The food industry retains enormous losses from misjudgment of food quality: every second fruit and vegetable produced will be thrown away due to mistaking its storage or shelf lifespan, or minor infections that have stayed unnoticed, and therefore, untreated. Employing machine learning and algorithms to determine the quality of the produce ensures more reliability for both offline and online grocery shopping, and a significant reduction in food waste, thus excluding the potential problem of good fruit being mistakenly thrown away, or expired produce being delivered to the customer.
A study conducted by the Food Marketing Institute and Grocery Manufacturers Association has shown that the average cost of a recall for food companies is about $10 million in direct costs, not to mention brand damage and lost sales. Microbiological contamination is reported to be the main reason for recall (47%) in 2016 in the U.S., the second being labeling issues (26%). Processing defects and physical contamination are responsible for 13% and 7% of recall cases correspondingly.
Today, it is possible to inspect the quality of a wide range of food products with a computer vision system. Both software and hardware parts of the system should be customized to the specific needs of a food company, including inspection goals and the type of product to analyze. Computer vision systems inspect food quickly, objectively, reliably and non-destructively, and they have the potential to take on many monotonous tasks traditionally performed by human inspectors. Revolutionizing quality control, such technologies also show great results in product grading and counting.
According to market analyses, all other things being equal, customers prefer apples with a maximum diameter of between 75 and 80 mm. However, people would have a hard time trying to accurately evaluate a fruit’s size with the naked eye, while a computer vision system can measure a precise diameter of an apple in a blink of an eye, literally. Food production companies that have already embedded computer vision solutions into the production line confirm this efficiency. For example, Ray Keller, General Manager at Apple King LLC, says that automated visual inspection provides “great grading results and 30% increase in apple production”.
Automated counting and sorting system based on image analysis can grade fruits, vegetables, nuts, oysters, etc. according to their shape, size and maturity (for fruits and vegetables), increasing the sorting speed by 10 times compared to humans. Automated visual check of a filling level and package labeling is another important application of computer vision in the food industry. Besides that, a visual system can check the freshness of a packed product with the aid of a special ink changing its color with time and at a different speed depending on the temperature.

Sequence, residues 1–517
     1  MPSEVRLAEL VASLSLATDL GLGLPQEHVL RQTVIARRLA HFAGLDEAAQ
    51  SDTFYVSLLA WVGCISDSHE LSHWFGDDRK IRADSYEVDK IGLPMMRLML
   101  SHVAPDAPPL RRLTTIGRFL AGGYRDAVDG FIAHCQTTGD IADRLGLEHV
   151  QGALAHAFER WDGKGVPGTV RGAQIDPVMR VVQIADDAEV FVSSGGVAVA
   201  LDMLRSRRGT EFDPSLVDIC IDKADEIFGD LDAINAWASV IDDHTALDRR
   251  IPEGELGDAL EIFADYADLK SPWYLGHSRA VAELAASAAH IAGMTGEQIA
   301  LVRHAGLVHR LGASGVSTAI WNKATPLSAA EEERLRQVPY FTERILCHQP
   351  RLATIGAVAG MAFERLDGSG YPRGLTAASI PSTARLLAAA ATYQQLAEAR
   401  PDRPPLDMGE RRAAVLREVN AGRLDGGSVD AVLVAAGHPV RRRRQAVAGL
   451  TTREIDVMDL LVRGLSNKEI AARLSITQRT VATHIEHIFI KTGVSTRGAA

Currently, in most depots and storage centers, ripeness of agricultural produce is still checked by hand but assessing the ripeness levels accurately is difficult even for professional inspectors. As tests conducted at AMAZON showed, assessors arrived at different results in 20% of the tests despite checking the quality of the exact same piece of fruit. This is why our startup team of machine learning experts joined forces with food experts in Russia to improve automation in the quality control of fresh produce.
The automated ripeness detection system consists of a conveyor belt that transports the food in containers to a particular sensor. The sensor looks like a normal camera, but it can capture information which is invisible to the human eye. We teach the machine what good and bad products look like by inputting new product variants on a daily basis. The products are photographed and made available to the machine in the shape of data. That way, the computer gradually understands the quality standards and becomes able to divide the fresh produce into five categories: "Premium", “OK”, “Damaged”, “Badly damaged” and “Expired”.
If defective products are detected early in the production, they can be rejected before any value is added. For example, it would be better to find a rotten apple before it was packed together with other apples.
Besides that, an automated visual inspection system can precisely count and measure the ingredients to prevent their excessive use. For example, it can control the amount of chocolate topping on a cookie, minimizing the give-away rate.
Thus, employing machine vision for food sorting on a region-wide scale would not only allow for a highly efficient food management and distribution, but also increase productivity, reach development goals, and spare time and labor of human workers who can concentrate on some more sophisticated tasks instead.
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